Diverticula and possible complications are diagnosed using different imaging methods:

X-ray: An enema with a radiocontrast agent and subsequent x-raying of the intestine make diverticula visible and help to detect possible stenoses (constrictions) and fistulas (ducts between neighbouring organs).

Coloscopy: A coloscopy should only be performed in inflammation-free intervals to prevent the risk of injury to the intestine. Besides verifying diverticula and their expansion, a coloscopy serves to exclude malignant diseases of the colon.

Computer tomography (CT): CT is the method of choice for securing the diagnosis of acute diverticulitis as well as detecting possible complications.

If a special diet, medication or pain therapy were not successful, surgery may be indicated. A visceral surgeon will remove the afflicted area – diverticula - of the intestine (in most cases the sigma). Ideally, this surgery is performed during an inflammation-free interval of the disease (diverticulitis). Being a specialized hospital for minimally invasive surgery (keyhole surgery, laparoscopy) these operations are performed using laparoscopic surgery.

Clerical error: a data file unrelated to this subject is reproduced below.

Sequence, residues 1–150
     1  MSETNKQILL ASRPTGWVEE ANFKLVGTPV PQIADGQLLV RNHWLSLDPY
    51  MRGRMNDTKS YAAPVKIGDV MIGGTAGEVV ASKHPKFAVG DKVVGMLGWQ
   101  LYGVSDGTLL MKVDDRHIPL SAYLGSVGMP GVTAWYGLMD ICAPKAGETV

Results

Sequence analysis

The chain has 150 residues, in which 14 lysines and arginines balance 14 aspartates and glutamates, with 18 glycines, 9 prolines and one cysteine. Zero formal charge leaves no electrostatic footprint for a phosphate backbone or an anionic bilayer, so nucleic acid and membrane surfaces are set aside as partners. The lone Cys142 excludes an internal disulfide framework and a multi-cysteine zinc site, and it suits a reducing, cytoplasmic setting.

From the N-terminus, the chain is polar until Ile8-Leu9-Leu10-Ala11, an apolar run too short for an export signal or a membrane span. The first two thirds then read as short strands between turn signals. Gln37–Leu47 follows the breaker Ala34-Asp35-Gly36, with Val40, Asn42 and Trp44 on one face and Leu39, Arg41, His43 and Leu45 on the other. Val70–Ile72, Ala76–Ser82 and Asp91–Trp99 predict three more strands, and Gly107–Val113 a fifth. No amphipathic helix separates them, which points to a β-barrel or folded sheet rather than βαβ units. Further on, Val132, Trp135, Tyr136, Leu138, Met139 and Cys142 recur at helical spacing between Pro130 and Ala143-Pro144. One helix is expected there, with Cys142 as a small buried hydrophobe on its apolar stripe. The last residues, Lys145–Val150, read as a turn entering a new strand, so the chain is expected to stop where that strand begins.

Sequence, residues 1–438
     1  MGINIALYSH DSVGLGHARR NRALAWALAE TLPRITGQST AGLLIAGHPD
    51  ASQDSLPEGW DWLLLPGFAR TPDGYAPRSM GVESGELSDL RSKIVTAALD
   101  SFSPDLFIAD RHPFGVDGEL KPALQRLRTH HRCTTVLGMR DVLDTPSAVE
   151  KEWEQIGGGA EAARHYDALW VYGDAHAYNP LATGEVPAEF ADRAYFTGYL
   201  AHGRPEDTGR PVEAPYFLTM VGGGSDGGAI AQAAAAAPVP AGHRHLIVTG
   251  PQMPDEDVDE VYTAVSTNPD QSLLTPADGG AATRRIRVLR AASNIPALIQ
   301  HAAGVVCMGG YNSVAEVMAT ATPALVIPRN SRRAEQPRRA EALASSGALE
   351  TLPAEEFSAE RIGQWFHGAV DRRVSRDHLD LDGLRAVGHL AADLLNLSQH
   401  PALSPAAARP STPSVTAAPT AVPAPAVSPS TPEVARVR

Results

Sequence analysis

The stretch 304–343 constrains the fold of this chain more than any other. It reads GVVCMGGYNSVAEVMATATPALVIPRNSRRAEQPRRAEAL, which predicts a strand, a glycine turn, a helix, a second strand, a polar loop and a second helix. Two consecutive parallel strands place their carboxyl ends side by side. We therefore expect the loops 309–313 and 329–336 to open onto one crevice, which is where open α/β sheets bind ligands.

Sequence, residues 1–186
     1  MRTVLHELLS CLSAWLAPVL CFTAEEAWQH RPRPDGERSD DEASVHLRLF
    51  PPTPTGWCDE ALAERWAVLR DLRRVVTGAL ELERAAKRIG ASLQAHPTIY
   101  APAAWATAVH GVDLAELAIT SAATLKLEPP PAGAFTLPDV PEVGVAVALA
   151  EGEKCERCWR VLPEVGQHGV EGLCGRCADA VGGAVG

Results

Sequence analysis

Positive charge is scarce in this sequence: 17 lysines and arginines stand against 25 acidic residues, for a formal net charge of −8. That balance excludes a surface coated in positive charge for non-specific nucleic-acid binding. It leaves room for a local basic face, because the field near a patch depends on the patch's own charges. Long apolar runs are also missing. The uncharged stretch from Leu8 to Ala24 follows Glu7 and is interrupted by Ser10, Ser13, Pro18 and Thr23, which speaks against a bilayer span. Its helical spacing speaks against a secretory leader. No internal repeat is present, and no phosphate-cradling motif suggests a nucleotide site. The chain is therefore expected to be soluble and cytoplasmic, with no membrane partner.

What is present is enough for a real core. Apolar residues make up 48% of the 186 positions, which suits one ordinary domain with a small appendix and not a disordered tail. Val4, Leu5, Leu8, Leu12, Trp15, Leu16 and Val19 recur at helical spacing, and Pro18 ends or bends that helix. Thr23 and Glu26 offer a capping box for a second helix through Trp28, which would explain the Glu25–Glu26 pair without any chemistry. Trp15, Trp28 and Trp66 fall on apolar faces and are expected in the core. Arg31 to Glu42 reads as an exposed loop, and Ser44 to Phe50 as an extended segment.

Advantages of minimally invasive colon surgery in comparison to conventional open surgery:

  • Timely intkae of solids after surgery
  • Less pain due to absence of large abdominal incision
  • Fewer complications such as infections or rupturing of the abdominal wall
  • Shorter hospital stay
  • Faster return to everyday life

1 Liver
2 Stomach
3 Transverse colon
4 Small intestine
Ascending colon

Sigma (Colon sigmoideum)